Intel’s announcement of long-standing microprocessor security flaws—nicknamed Meltdown and Spectre—have sent panic through the cybersecurity world. The revelation that speculative execution—the process by which microprocessors anticipate future operations and pre-run them accordingly— left nearly every computer and endpoint vulnerable to malicious code accessing their memory banks opened a floodgate of questions from all sides.
To help us make sense of the severity of this news, we spoke with Neil Weitzel, Director of Security Research at Boston-based SIEM vendor Cygilant. Here’s a transcript of our conversation, edited for readability:
Solutions Review: Intel has been downplaying the severity of Meltdown and Spectre as threats. Do you agree with them that the dangers are being over-exaggerated? Or is this far more serious than Intel wants to admit?
Neil Weitzel: While a critical vulnerability, the likelihood of an exploit occurring is low. Most attackers would need to be state-sponsored or highly technical—think stuxnet.
SR: Intel and other microprocessor manufacturers are refusing to call this a design flaw. Is it, in your opinion? Should these issues have been discovered much sooner than they were?
NW: This is a design flaw because our unprivileged processes are address and access privileged processes or cache. These issues may have been known for some time, but this is the first public disclosure to this magnitude. Just because a vulnerability is made known to the public one day doesn’t mean it hasn’t been available or used previously.
Yes, this should have been discovered and steps toward remediation should have been taken sooner.
SR: Patches are being released daily to alleviate Meltdown and Spectre. What do you make of these patches? Will they be enough to solve the problem?
NW: The patches address the hardware vulnerability from a software perspective. This means the design flaw and vulnerability are still available; the software is merely treating a symptom, not the actual problem.
The patches mitigate the Meltdown ability by removing much of the addressable, privileged processes address from the userspace. Spectre is being patched by attempting to isolate branch predictions to one process, but this is a bit trickier.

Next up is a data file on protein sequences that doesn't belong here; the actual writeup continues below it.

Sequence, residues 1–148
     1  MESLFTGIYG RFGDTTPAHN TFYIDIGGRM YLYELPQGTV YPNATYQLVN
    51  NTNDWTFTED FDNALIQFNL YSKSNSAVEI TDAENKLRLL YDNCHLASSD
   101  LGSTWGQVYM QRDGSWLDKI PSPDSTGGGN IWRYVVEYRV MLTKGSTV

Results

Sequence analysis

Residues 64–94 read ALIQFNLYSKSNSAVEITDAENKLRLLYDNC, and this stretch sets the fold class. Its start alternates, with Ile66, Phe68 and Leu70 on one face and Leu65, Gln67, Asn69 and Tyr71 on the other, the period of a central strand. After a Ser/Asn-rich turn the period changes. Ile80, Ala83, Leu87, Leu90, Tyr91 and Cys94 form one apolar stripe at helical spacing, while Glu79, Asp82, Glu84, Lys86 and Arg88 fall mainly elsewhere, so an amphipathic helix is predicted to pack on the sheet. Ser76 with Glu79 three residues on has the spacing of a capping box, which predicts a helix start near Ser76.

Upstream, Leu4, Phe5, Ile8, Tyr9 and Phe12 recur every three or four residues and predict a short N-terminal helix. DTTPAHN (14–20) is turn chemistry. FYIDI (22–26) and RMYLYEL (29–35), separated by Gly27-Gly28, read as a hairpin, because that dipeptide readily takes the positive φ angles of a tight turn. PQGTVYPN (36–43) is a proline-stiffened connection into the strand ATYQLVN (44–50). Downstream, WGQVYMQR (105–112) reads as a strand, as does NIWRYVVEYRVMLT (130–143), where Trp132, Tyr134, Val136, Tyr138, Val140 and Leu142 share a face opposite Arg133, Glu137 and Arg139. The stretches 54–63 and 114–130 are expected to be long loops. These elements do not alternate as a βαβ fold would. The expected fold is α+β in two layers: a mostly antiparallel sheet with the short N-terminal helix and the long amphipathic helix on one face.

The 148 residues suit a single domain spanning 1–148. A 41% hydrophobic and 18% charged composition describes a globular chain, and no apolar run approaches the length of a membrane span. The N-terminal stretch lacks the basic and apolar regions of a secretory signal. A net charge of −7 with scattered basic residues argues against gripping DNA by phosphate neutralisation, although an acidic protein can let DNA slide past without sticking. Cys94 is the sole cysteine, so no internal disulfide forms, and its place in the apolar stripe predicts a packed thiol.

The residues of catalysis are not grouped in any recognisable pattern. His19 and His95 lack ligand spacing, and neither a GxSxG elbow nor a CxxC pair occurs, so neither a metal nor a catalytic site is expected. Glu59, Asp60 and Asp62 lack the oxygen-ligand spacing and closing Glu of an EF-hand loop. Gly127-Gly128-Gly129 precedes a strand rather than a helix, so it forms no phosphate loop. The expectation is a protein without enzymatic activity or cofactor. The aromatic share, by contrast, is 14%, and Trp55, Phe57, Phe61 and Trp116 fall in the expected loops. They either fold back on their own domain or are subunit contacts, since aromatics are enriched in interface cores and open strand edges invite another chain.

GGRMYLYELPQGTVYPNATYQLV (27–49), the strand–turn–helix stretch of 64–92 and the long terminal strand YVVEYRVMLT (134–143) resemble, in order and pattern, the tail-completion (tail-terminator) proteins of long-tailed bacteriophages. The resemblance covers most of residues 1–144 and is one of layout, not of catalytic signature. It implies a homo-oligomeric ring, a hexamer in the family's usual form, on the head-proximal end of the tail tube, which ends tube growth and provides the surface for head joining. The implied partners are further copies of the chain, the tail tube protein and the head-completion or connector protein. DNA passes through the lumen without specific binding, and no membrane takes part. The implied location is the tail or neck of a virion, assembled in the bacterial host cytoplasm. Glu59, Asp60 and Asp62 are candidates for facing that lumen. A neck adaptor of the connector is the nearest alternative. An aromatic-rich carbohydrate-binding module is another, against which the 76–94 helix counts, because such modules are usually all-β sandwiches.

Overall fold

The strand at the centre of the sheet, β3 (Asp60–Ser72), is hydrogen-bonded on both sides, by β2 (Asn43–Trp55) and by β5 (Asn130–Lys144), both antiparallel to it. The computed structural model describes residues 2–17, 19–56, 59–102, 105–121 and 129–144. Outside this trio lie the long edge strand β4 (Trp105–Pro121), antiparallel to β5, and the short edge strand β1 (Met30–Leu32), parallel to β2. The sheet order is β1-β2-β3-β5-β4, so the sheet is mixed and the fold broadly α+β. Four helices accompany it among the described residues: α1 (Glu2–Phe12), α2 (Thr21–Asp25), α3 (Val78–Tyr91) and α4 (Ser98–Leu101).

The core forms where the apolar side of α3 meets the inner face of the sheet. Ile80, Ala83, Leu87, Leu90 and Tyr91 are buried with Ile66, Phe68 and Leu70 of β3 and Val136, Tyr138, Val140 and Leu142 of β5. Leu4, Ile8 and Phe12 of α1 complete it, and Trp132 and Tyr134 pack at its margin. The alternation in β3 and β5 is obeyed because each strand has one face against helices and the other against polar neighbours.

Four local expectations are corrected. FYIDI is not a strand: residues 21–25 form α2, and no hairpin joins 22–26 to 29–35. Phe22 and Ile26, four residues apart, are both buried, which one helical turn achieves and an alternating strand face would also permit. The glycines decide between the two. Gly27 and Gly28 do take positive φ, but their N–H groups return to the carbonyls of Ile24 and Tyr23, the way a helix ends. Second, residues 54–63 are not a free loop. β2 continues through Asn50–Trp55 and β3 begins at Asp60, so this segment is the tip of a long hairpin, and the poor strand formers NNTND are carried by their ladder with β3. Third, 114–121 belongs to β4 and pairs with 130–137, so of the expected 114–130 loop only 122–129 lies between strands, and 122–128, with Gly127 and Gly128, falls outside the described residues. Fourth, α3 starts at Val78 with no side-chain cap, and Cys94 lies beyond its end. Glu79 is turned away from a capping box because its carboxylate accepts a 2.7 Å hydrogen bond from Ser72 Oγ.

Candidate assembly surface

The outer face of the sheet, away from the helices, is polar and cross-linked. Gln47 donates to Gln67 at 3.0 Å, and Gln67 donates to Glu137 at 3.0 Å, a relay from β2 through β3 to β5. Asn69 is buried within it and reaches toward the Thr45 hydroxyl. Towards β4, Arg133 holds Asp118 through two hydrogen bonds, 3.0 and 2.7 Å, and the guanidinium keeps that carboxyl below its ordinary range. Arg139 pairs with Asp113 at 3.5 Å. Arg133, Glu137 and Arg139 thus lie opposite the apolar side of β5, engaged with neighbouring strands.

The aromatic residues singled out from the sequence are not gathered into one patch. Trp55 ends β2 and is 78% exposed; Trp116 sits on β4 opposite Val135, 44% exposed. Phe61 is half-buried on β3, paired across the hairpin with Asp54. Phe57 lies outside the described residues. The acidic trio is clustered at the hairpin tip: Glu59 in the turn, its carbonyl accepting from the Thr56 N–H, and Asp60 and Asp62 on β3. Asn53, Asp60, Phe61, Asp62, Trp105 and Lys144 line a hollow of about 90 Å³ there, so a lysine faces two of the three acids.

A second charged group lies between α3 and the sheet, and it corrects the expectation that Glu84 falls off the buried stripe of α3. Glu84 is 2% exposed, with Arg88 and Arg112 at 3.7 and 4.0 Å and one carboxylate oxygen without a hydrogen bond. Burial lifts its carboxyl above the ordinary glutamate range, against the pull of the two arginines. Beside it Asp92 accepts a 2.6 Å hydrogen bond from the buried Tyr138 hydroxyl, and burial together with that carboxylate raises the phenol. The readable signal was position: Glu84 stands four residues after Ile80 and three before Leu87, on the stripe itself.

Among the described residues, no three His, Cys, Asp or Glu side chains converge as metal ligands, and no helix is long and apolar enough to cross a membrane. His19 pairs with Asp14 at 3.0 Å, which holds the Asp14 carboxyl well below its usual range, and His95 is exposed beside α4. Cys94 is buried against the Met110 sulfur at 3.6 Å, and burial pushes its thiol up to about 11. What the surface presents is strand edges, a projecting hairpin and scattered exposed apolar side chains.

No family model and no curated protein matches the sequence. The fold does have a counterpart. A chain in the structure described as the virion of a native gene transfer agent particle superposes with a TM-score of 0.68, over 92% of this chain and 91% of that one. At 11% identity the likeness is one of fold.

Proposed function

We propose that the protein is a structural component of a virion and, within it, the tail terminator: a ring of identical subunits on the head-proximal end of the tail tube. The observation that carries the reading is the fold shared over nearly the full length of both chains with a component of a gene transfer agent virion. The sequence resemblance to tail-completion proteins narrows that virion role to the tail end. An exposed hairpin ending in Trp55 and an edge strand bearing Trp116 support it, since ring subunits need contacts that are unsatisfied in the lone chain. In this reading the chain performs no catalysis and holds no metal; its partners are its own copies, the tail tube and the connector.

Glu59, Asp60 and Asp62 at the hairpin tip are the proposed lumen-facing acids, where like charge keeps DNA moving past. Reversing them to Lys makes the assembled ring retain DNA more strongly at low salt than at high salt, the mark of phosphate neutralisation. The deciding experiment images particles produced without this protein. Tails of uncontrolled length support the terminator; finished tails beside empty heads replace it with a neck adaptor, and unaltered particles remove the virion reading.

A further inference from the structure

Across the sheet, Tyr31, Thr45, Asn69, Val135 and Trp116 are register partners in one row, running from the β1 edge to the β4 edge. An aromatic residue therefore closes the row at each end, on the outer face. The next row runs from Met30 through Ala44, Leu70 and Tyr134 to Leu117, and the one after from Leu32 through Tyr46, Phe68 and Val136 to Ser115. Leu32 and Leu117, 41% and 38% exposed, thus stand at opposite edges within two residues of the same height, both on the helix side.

SR: There have been increasing reports that the patches released aren’t integrating with anti-virus software. Does this foretell of future security problems, or is this a minor issue?
NW: This is because many anti-virus programs run in privileged processing space; changing how the operating system or applications utilize memory and processes may cause the anti-virus software to create a system malfunction. Similarly, the major anti-virus vendors are working with the vendors that are patching applications and software to ensure their products will work properly after an update.
SR: How do you foresee the discovery of Meltdown and Spectre changing the way microprocessors are manufactured? Or how anti-malware/endpoint security/SIEM solutions are designed in the future?
NW: We will likely need to take these types of vulnerabilities into account when we design systems. We need to keep sensitive workloads on machines and systems [separate from] non-sensitive workloads. Similarly, we need to educate end-users on how they may introduce these exploits by accidentally running nefarious code or applications—through unsolicited attachments and portable media storage, for example.
As for SIEM, [it will be about creating] a whitelist of known-good processes and connections—web access, application services—and [using] it to audit what is currently running on your systems. Anti-virus and malware solutions may attempt to monitor process sharing and reading in future iterations, much like how mobile intents are handled in Android.
Thanks again to Neil Weitzel for speaking with us! You can find out more about Cygilant here.
Neil Weitzel has 10 years of professional technology experience. In addition to being an expert application penetration tester Weitzel is also an excellent instructor and leader: outside of Cygilant, he is an active member of the security community by delivering lectures at DEF CON, OWASP and Denver Security Meet-ups.